Tuesday, June 7, 2011

17 hours + 1 Scar = Emmarie

When Dr. Burroughs suggested an induction, I was a little apprehensive. I was not familiar with what all that would entail, and I did not want to do something that would hurt the baby or increase my recovery time. SO, I went home and did some research and presented the idea to Brad. He loved the idea. Since he was still working out on the rig, he would be able to tell them which day he was not coming. This would therefore squash some of my fears that I would go into labor, and Bradley would be two hours away unable to get to us. So we set up the induction for June 6, 2011.

For those people (like myself) that do not know the back story on being inducted, I will give you some of the information. You are required to check into the hospital the afternoon before your induction. You are hooked up to a bunch of machines so that they can monitor your heart rate and the baby's heart rate. They start you on fluids and......you wait. You wait until 3:00 A.M. Then they come in and check everything and give you the Pitocin. This is supposed to jump start labor. They come in and check on you every hour or so and after 5 hours if you haven't made any significant progress, they give you another dose of Pitocin. Then they break your water and the race is on. Supposedly.

We went through most of these steps. As we got to the hospital at 5:00 p.m., I was still scarfing down the last of my Panda Express. I was trying to stock up on carbs since they told me I would not be able to eat again until after the baby was born. Me and food kind of had a big time love affair my whole pregnancy so I was not sure how that little aspect of this whole charade was going to play out. Well it turns out that after you get hooked up to a bunch of machines and have fluids running through you, you aren't that hungry anymore! Until a day after Emmy was born, my stomach turned at the thought of food. Back to the story...So we got checked in and they got me all hooked up to the monitors. It took a long time for them to come in to hook me up once we got to the room because they lost my paperwork somehow on the computer (BUMMER!). It was so hot in the room, and I kept begging Brad to go get my fan out of the car. He told me he would ask the nurses, and finally a really nice nurse came in and brought me one of their fans (much more sterile). My outlook on life did a 180 once I had that air blowing my my face.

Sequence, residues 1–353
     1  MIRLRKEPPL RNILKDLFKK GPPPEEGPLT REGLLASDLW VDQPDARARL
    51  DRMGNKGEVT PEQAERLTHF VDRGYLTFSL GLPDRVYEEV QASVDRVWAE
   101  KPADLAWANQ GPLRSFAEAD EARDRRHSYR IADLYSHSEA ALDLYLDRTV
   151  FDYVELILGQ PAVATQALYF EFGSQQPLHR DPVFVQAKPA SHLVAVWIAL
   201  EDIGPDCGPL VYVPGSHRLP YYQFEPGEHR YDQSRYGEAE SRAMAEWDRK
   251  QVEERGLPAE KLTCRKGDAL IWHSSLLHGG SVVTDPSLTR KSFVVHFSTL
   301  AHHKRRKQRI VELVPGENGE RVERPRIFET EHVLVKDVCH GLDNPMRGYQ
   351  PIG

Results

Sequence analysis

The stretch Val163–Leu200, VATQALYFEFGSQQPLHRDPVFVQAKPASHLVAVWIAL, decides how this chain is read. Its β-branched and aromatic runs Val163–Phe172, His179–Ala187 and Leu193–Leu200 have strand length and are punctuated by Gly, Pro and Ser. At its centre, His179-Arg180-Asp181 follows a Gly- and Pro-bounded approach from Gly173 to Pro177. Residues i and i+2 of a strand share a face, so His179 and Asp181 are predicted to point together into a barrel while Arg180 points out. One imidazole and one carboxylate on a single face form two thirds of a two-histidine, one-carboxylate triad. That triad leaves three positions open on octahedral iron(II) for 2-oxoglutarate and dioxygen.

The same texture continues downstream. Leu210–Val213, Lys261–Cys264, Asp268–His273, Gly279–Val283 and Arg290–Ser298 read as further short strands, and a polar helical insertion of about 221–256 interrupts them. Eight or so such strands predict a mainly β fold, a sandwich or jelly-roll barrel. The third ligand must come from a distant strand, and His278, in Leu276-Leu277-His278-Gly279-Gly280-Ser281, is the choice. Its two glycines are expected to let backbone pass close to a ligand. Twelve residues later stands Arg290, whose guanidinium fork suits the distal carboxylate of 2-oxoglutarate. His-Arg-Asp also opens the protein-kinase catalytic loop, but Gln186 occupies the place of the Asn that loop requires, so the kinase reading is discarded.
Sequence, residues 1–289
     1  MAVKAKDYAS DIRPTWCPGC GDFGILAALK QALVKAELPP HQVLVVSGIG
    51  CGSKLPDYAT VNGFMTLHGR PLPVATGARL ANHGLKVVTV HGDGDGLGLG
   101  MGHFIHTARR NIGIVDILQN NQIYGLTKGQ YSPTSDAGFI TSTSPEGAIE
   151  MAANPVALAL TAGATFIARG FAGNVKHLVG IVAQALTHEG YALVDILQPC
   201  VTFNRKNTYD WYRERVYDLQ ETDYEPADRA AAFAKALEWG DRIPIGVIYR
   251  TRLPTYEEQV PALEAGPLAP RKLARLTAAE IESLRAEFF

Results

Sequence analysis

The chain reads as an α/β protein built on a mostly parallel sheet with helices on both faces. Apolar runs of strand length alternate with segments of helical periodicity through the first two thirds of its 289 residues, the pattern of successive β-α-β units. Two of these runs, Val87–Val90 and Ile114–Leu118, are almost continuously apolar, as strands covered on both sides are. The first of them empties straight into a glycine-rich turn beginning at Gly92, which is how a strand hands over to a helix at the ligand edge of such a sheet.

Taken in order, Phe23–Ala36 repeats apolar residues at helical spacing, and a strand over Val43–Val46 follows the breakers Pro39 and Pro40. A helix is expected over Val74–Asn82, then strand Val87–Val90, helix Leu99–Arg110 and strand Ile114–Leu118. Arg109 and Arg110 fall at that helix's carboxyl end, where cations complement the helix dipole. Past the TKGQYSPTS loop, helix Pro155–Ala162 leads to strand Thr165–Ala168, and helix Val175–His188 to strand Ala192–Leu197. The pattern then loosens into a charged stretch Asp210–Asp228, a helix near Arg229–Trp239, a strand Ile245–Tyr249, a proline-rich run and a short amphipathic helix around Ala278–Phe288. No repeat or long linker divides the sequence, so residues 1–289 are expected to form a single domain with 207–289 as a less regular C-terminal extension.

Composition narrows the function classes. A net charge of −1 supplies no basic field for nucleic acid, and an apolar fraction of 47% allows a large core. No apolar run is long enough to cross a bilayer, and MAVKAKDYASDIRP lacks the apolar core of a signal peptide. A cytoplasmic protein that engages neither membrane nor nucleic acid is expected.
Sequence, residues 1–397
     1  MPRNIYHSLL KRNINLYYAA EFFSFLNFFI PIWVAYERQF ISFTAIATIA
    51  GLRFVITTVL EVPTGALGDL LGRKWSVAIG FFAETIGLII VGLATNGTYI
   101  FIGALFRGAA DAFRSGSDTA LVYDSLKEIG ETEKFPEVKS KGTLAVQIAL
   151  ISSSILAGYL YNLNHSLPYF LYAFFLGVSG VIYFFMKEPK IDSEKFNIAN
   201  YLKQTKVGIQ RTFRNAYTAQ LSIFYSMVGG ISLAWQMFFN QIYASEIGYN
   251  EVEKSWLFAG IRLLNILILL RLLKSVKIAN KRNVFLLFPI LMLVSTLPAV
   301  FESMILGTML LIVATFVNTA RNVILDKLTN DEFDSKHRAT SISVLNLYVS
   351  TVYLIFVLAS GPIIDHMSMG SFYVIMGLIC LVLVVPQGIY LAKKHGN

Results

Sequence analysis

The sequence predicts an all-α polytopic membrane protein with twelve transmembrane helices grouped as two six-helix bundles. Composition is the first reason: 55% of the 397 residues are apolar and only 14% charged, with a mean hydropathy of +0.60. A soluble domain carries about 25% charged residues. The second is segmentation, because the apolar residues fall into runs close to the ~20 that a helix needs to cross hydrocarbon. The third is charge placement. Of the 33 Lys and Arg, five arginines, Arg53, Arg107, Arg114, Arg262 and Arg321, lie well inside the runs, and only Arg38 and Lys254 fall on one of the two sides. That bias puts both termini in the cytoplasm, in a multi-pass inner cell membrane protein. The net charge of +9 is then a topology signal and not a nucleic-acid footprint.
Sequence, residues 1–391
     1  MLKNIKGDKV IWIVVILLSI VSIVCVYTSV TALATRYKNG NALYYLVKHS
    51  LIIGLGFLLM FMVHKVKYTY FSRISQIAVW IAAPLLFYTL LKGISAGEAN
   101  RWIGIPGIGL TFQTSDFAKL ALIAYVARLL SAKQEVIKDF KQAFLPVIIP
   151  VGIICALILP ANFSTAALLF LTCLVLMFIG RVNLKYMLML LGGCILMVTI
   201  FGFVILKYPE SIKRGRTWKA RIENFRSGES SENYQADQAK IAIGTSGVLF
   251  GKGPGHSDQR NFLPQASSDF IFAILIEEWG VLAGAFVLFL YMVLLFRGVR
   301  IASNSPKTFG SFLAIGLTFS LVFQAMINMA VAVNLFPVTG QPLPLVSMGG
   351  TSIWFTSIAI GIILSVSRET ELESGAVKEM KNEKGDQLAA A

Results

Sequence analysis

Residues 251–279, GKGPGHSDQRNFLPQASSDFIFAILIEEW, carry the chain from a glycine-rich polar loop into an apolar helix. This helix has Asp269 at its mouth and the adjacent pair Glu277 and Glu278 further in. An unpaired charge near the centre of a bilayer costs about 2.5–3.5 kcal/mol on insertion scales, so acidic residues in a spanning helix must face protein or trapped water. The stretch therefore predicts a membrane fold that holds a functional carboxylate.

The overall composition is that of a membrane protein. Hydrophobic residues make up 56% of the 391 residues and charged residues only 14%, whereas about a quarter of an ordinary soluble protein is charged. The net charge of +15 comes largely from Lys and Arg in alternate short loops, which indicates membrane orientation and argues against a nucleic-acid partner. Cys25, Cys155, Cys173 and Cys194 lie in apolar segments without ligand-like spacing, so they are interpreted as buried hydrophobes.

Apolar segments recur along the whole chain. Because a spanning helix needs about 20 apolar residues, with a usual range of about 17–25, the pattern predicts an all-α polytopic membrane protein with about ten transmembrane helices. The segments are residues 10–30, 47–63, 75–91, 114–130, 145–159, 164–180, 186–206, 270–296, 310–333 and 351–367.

Once they finally got me all hooked up, my family was allowed to come in to see me. Although I told them that they did not have to come until the next day because Dr. Burroughs assured me that nothing would happen, they insisted on coming and staying in the area in case the baby decided to make an early exit. My Mom, Dad, Britt, Kari, Grannie, Uncle Steve, and a few other people hung out with us that night. They did not leave until close to midnight, and I assured them that I would call if anything started happening. I played on my laptop and we watched TV since neither Brad or I could sleep. I would start dozing off and then they would come to adjust my fetal monitor. Once I am awake it is really hard for me to go back to sleep so I started watching the NCIS marathon on USA. Bradley was up taking a test for a perspective job. At 3:00 A.M. the nurse came in to give me the Pitocin. This consisted of her switching the bag hooked up to my IV...nothing too exciting. Then we waited some more.

The next morning around 6:00 A.M. I had a surprise visitor. Dr. Burroughs had another patient go into labor on my floor so she came to check and make sure I was doing okay. I was only at 2 centimeters. This was a very disappointing moment for me. She said they would run another bag of Pitocin, and she would be back in a few hours to check on me. I tried to rest so that I would have strength later. Mostly I watched more old episodes of NCIS.

Around 8:30 or 9:00 the family started to show back up. They tried to distract me while Bradley went to the waiting room to eat breakfast. At that point, food was the furthest thing from my mind. I was having mild contractions, but nothing that I couldn't handle. The nurses were bringing me ice chips, and overall, I was enjoying my stay in the hospital. Even though I had planned on having an epidural, I started thinking that if this is all that was going to happen, I could totally handle that. The nurse just told me to let her know when I was ready for the epidural.

Not long after that, Dr. Burroughs showed up to check me and decided it was time to break my water. Things rapidly went downhill from there.

The light labor pains that I had been having now felt like little demonic monsters were trying to tear apart my lower abdomen. I squeezed the bed rails and Brad's hand, and I tried to remember all of the yoga breathing techniques that I had been practicing. Much to my surprise (and I think the astonishment of my family), I did not become a raving lunatic during labor. I was more of a silent sufferer. I think it had something to do with the fact that there were tons of people in my room. I would feel pretty bad about calling Brad some four letter word in front of my cute and prim little grandmother.